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All of Los Angeles Is Now a Certified Wildlife Habitat


How did Los Angeles become the largest certified wildlife habitat in the U.S.?

The urban sprawl of Los Angeles is notorious for having the worst traffic in the country. From the skies above, flying into any one of its three major airports, the endless sea of grey buildings blurs into the ocean it eventually meets. But the city is also becoming one of the country’s more sustainable destinations, employing energy and water conservation efforts, greening buildings and homes, and embracing its abundance of local food. The buildings and highways are also interrupted with swaths of nature at nearly every turn. There are idyllic beaches and mountains, city parks six times the size of New York City’s Central Park, and even the most unassuming backyards are teeming with plants and animals.

It’s all enough to turn the entire city—yes, all of Los Angeles—into a certified wildlife habitat. On May 3rd, LA became the largest city to earn that recognition from the National Wildlife Federation. But what exactly does that mean?

What Is a Certified Wildlife Habitat?

The National Wildlife Federation certifies wildlife habitats in a range of environments from backyards to schools and community gardens to entire cities.

In order to qualify, there must be access to food, water, shelter, places for animals to raise young, and sustainability measures to protect the local ecosystem. Some certified areas may earn tax credits through their efforts.

Los Angeles Is a Wildlife Habitat

The city’s certification initiative was spearheaded by the L.A. Sanitation and Environment (LASAN)department.

“We saw the opportunity to certify the entire city with the National Wildlife Federation as an opportunity to do some great outreach and promote a lot of ideas and goals of our biodiversity program,” Michelle Barton, environmental specialist for LASAN, told Los Angeles magazine.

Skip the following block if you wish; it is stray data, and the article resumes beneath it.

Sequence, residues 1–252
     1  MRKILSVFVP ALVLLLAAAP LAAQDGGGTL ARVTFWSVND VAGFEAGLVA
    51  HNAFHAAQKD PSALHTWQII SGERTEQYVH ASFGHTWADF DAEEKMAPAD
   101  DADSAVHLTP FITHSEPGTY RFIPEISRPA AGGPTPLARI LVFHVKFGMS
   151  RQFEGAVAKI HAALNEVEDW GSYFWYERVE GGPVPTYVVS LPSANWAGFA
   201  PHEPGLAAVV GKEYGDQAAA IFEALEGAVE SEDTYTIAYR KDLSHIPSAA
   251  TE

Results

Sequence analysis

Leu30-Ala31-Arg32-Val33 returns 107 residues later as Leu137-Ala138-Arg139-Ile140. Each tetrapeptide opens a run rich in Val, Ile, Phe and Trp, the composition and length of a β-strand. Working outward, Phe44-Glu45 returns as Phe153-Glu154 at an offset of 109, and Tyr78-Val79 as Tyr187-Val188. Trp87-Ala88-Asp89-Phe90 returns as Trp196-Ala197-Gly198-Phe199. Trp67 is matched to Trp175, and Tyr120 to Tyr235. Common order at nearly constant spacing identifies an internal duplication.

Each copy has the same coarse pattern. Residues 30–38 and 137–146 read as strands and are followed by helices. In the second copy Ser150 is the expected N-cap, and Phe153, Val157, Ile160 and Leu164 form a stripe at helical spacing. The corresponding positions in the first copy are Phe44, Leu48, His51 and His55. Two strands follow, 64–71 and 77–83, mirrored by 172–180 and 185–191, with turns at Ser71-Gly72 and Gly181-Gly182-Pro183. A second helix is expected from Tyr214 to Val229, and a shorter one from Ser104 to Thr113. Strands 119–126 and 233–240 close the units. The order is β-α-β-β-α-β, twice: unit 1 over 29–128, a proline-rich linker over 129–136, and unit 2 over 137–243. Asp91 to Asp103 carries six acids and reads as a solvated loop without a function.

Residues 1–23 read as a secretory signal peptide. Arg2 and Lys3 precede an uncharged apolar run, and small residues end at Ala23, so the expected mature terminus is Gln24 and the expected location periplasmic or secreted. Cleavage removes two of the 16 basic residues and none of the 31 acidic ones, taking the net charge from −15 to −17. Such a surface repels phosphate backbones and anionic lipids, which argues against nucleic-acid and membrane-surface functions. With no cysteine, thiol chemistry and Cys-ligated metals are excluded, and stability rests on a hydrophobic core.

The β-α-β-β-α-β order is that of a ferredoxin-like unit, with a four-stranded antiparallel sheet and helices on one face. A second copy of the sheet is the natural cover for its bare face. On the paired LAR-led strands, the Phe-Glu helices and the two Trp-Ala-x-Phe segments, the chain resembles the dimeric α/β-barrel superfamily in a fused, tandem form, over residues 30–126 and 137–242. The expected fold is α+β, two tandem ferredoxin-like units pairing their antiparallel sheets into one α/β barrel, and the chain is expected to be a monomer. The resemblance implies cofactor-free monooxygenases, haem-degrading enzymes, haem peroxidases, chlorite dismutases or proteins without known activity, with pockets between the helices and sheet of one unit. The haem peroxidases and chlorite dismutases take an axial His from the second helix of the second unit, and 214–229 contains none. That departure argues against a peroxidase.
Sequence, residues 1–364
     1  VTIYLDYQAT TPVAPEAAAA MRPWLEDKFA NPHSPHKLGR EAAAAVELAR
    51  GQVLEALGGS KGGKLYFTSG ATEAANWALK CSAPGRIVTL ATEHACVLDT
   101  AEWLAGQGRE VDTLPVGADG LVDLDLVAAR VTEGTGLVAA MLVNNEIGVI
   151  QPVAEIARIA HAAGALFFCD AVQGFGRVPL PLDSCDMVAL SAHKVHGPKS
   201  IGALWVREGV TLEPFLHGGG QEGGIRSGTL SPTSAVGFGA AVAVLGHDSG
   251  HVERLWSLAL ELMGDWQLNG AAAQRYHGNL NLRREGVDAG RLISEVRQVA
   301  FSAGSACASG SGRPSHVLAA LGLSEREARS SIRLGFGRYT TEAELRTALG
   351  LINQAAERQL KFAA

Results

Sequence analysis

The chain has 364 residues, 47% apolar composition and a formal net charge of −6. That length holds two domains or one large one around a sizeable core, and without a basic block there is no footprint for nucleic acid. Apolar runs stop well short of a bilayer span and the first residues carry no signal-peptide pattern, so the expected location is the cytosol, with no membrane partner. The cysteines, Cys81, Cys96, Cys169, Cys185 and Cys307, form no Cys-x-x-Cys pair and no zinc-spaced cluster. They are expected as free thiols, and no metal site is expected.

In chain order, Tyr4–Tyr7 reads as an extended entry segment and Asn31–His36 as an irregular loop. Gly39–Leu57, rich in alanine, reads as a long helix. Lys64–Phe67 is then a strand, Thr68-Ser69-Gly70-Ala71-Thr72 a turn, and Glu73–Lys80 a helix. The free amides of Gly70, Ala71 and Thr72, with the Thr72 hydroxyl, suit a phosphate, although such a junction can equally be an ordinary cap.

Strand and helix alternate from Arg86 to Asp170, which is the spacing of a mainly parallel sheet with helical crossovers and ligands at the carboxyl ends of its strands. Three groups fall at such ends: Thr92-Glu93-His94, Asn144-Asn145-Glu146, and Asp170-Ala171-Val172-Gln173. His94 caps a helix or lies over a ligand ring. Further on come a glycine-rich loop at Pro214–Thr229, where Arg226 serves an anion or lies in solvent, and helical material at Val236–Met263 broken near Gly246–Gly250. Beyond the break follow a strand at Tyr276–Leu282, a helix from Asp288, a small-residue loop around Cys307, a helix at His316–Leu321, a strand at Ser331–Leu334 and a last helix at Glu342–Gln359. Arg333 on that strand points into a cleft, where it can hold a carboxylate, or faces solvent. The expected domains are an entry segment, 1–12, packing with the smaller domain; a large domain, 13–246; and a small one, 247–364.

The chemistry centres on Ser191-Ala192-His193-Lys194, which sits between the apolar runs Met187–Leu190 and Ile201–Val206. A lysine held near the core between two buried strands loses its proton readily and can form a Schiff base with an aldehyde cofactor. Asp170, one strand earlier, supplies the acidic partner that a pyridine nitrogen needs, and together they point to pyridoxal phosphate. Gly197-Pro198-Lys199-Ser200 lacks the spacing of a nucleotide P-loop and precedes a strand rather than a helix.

The city is located within a biodiverse hotspot, an area called the California Floristic Province. It’s a stopover for migrating Monarch butterflies, whose numbers have been declining in recent years.

“Even though it is the second-largest city in the country, Los Angeles is home to a vast array of wildlife, including hundreds of bird species, coyotes, bobcats, and even mountain lions, including the famous Hollywood cougar P-22,” said Patrick Fitzgerald, senior director of community wildlife at the National Wildlife Federation. “Los Angeles is making tremendous progress in the National Wildlife Federation’s Community Wildlife Habitat program, showing how communities can enhance environmental sustainability.”

But like other parts of the world, LA’s abundant wildlife is in danger. “In L.A., our biodiversity is threatened by pollution, by climate change, by habitat loss,” says Barton. It was more reason than ever to track local efforts to protect LA’s wildlife.

LASAN created a biodiversity index for the city in order to better understand conservation efforts and independently certified wildlife habitats obtained by residents.

“Even though it is the second-largest city in the country, Los Angeles is home to a vast array of wildlife.”

Patrick Fitzgerald, senior director of community wildlife at the National Wildlife Federation

“We decided that we really wanted to track the certification of spaces across the city as habitat,” says Barton.

Los Angeles needed at least 1,200 individually certified habitats to qualify for citywide status.

“People were excited about it,” says Barton. “Basically, anything that had been certified within the city limits counted towards this threshold of points.”

Protecting LA’s Biodiversity

“The main objective of this is really to protect and enhance biodiversity in the urban environment and the rural environment,” Mas Dojiri, assistant general manager of LASAN told Spectrum News. “Getting certified and the national recognition is really kind of a side thing. We have to keep our eye on the ball, and the ball is protecting and enhancing biodiversity.”

According to Dojiri, a 2019 United Nations report identified one million plant and animal species headed toward extinction in the next few decades. Like the Monarch butterfly, which has seen population declines of more than 99 percent since the 1980s, according to the Xerces Society, critical pollinating bee populations and bird species are on the decline as well.

“The city of L.A. is just a small dot on the world globe,” Dojiri said. “But if we can show other cities, other nations, that we can do it, that we can improve the urban ecosystem and enhance biodiversity, we can show them the path.”


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